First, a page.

Richmond Read-along 15
Welcome back to the Richmond Read-along! Many will be familiar with Alfred Tennyson, from whom today’s poem comes. A widely beloved poet, Tennyson is one of the many literary figures with local links – he lived in Twickenham with his family from 1851 to 1853. Deeply patriotic and religious, he was chosen by Queen Victoria to be Poet Laureate, based partly on the admiration of Prince Albert. His best known poems include “The Charge of the Light Brigade” and “Morte d’Arthur.”
Today’s poem is “The Mermaid:”
Who would be
A mermaid fair,
Combing her hair
Under the sea,
In a golden curl
With a comb of pearl,
On a throne?
I would be a mermaid fair;
I would sing to myself the whole of the day;
With a comb of pearl I would comb my hair;
And still as I comb’d I would sing and say,
“Who is it loves me? who loves not me?”
I would comb my hair till my ringlets would fall,
Low adown, low adown,
From under my starry sea-bud crown
Low adown and around,
And I should look like a fountain of gold
With a shrill inner sound,
Over the throne
In the midst of the hall;
Till that great sea-snake under the sea
From his coiled sleeps in the central deeps
Would slowly trail himself sevenfold
Round the hall where I sate, and look in at the gate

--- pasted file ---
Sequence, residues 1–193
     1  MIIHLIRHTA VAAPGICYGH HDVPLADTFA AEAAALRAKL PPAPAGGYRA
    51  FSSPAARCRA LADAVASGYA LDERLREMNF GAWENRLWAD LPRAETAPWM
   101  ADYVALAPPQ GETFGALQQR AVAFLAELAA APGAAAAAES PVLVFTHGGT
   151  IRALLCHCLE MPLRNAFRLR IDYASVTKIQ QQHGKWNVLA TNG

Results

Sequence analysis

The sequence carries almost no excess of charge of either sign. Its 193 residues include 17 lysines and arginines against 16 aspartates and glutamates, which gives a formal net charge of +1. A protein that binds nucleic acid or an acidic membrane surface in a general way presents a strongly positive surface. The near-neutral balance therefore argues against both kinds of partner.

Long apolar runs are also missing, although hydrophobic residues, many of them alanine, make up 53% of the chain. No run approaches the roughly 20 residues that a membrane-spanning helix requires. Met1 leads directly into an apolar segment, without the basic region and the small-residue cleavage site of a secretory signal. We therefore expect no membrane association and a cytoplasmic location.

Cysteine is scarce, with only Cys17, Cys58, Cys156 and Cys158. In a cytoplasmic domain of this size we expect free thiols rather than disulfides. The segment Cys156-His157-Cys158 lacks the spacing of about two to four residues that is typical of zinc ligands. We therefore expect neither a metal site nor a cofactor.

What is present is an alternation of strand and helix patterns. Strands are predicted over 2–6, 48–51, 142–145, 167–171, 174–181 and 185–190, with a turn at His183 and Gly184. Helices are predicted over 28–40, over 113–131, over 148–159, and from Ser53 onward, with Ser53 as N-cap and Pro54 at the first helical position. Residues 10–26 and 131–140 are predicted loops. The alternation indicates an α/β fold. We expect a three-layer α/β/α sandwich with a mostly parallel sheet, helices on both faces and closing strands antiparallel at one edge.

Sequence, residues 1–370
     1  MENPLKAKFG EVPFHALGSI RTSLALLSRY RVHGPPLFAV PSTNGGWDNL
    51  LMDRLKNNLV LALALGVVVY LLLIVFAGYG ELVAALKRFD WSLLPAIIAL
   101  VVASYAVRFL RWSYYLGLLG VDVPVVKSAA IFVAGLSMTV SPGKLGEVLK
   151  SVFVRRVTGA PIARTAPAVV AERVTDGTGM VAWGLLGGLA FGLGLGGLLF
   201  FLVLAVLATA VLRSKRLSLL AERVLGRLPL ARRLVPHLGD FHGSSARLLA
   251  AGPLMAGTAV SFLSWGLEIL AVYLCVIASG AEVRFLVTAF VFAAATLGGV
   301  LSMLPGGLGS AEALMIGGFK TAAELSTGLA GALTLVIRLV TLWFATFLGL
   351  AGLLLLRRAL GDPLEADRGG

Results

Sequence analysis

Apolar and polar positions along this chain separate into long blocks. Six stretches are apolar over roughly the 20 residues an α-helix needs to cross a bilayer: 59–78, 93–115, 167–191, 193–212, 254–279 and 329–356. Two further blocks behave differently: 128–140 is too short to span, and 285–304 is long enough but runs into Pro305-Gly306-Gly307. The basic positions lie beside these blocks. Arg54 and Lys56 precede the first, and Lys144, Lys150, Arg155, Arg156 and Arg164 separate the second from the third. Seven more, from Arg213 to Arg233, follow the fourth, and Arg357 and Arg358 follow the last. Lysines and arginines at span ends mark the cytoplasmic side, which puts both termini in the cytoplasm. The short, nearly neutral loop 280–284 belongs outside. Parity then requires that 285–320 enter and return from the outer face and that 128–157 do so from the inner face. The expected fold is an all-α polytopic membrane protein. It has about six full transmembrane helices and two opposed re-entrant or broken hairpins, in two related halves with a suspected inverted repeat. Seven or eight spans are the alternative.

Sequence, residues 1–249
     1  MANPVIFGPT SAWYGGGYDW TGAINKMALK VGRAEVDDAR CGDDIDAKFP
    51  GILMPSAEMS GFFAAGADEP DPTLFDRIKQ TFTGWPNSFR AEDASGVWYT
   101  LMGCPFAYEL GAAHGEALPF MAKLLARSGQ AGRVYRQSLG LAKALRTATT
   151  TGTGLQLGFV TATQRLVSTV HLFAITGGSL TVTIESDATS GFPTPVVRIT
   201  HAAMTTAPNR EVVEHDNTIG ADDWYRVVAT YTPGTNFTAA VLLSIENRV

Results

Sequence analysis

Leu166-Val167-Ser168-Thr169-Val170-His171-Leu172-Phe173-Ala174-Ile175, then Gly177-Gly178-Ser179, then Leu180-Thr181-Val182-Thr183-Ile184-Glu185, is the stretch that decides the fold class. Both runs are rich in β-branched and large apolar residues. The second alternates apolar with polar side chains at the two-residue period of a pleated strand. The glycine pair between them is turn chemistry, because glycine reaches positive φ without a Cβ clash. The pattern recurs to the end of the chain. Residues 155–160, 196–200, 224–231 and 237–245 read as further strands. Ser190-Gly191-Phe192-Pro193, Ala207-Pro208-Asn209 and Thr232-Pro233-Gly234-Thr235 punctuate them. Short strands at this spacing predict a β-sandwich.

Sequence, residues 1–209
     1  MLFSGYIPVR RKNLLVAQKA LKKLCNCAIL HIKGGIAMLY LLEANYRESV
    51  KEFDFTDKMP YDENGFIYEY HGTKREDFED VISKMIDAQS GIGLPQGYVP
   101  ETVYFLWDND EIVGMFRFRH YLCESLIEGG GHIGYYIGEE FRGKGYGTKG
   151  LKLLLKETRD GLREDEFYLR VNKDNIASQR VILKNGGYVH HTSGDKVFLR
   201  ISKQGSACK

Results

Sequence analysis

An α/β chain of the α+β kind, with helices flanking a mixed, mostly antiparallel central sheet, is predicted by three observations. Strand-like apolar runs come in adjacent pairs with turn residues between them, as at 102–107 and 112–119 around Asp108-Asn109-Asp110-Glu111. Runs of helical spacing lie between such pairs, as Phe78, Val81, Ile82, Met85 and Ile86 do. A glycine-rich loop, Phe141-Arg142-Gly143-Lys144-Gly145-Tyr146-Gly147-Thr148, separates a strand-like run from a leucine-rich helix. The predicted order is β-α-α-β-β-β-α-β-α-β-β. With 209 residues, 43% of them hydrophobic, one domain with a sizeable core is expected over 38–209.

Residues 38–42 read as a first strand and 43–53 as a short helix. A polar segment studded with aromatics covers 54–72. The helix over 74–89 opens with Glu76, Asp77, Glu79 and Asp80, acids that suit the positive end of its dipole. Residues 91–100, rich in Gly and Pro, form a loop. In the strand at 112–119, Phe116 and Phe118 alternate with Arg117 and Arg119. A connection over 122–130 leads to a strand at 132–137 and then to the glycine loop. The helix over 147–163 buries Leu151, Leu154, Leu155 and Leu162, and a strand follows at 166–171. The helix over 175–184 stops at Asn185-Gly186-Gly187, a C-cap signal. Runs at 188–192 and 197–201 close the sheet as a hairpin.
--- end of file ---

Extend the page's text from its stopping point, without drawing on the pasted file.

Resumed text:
With his large calm eyes for the love of me.
And all the mermen under the sea
Would feel their immortality
Die in their hearts for the love of me.
But at night I would wander away, away,
I would fling on each side my low-flowing locks,
And lightly vault from the throne and play
With the mermen in and out of the rocks;
We would run to and fro, and hide and seek,
On the broad sea-wolds in the crimson shells,
Whose silvery spikes are nighest the sea.
But if any came near I would call, and shriek,
And adown the steep like a wave I would leap
From the diamond-ledges that jut from the dells;
For I would not be kiss’d by all who would list,
Of the bold merry mermen under the sea;
They would sue me, and woo me, and flatter me,
In the purple twilights under the sea;
But the king of them all would carry me,
Woo me, and win me, and marry me,
In the branching jaspers under the sea;
Then all the dry pied things that be
In the hueless mosses under the sea
Would curl round my silver feet silently,
All looking up for the love of me.
And if I should carol aloud, from aloft
All things that are forked, and horned, and soft
Would lean out from the hollow sphere of the sea,
All looking down for the love of me.”
You can find this poem, along with many others by Tennyson, on Project Gutenberg. Members of Richmond upon Thames Libraries can learn more about Alfred Tennyson in his entry in the Oxford Dictionary of National Biography, one of our online resources.
We’ll see you tomorrow for the next Richmond Read-along!